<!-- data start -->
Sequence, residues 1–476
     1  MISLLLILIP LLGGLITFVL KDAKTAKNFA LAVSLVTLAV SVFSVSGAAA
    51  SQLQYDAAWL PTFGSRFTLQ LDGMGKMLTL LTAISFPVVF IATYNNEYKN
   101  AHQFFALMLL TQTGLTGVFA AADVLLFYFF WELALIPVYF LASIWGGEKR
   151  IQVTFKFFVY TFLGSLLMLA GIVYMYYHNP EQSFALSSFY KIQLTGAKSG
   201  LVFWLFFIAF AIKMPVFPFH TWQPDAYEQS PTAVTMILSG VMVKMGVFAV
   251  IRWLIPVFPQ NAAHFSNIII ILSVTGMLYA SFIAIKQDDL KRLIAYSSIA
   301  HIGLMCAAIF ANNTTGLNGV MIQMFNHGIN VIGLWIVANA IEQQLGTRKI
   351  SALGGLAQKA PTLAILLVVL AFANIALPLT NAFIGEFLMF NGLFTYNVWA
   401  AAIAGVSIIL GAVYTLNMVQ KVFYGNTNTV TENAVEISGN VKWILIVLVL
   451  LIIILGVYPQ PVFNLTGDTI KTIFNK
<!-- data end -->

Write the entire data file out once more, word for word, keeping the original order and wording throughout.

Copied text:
Sequence, residues 1–476
     1  MISLLLILIP LLGGLITFVL KDAKTAKNFA LAVSLVTLAV SVFSVSGAAA
    51  SQLQYDAAWL PTFGSRFTLQ LDGMGKMLTL LTAISFPVVF IATYNNEYKN
   101  AHQFFALMLL TQTGLTGVFA AADVLLFYFF WELALIPVYF LASIWGGEKR
   151  IQVTFKFFVY TFLGSLLMLA GIVYMYYHNP EQSFALSSFY KIQLTGAKSG
   201  LVFWLFFIAF AIKMPVFPFH TWQPDAYEQS PTAVTMILSG VMVKMGVFAV
   251  IRWLIPVFPQ NAAHFSNIII ILSVTGMLYA SFIAIKQDDL KRLIAYSSIA
   301  HIGLMCAAIF ANNTTGLNGV MIQMFNHGIN VIGLWIVANA IEQQLGTRKI
   351  SALGGLAQKA PTLAILLVVL AFANIALPLT NAFIGEFLMF NGLFTYNVWA
   401  AAIAGVSIIL GAVYTLNMVQ KVFYGNTNTV TENAVEISGN VKWILIVLVL
   451  LIIILGVYPQ PVFNLTGDTI KTIFNK